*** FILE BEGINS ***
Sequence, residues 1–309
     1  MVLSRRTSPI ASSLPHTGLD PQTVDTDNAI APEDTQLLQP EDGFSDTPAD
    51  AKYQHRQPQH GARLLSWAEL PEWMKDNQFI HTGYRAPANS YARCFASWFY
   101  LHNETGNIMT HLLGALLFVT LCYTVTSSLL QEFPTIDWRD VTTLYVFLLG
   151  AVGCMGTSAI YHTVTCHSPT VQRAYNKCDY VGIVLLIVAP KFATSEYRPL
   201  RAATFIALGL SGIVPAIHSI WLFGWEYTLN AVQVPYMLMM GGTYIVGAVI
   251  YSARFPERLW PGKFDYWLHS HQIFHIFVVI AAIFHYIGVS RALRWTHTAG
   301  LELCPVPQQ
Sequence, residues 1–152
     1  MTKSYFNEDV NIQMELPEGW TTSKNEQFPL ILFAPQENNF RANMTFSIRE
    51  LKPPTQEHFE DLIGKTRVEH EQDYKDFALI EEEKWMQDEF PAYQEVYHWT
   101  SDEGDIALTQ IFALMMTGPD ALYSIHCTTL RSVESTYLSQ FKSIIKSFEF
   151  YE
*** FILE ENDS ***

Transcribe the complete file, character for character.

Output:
Sequence, residues 1–309
     1  MVLSRRTSPI ASSLPHTGLD PQTVDTDNAI APEDTQLLQP EDGFSDTPAD
    51  AKYQHRQPQH GARLLSWAEL PEWMKDNQFI HTGYRAPANS YARCFASWFY
   101  LHNETGNIMT HLLGALLFVT LCYTVTSSLL QEFPTIDWRD VTTLYVFLLG
   151  AVGCMGTSAI YHTVTCHSPT VQRAYNKCDY VGIVLLIVAP KFATSEYRPL
   201  RAATFIALGL SGIVPAIHSI WLFGWEYTLN AVQVPYMLMM GGTYIVGAVI
   251  YSARFPERLW PGKFDYWLHS HQIFHIFVVI AAIFHYIGVS RALRWTHTAG
   301  LELCPVPQQ
Sequence, residues 1–152
     1  MTKSYFNEDV NIQMELPEGW TTSKNEQFPL ILFAPQENNF RANMTFSIRE
    51  LKPPTQEHFE DLIGKTRVEH EQDYKDFALI EEEKWMQDEF PAYQEVYHWT
   101  SDEGDIALTQ IFALMMTGPD ALYSIHCTTL RSVESTYLSQ FKSIIKSFEF
   151  YE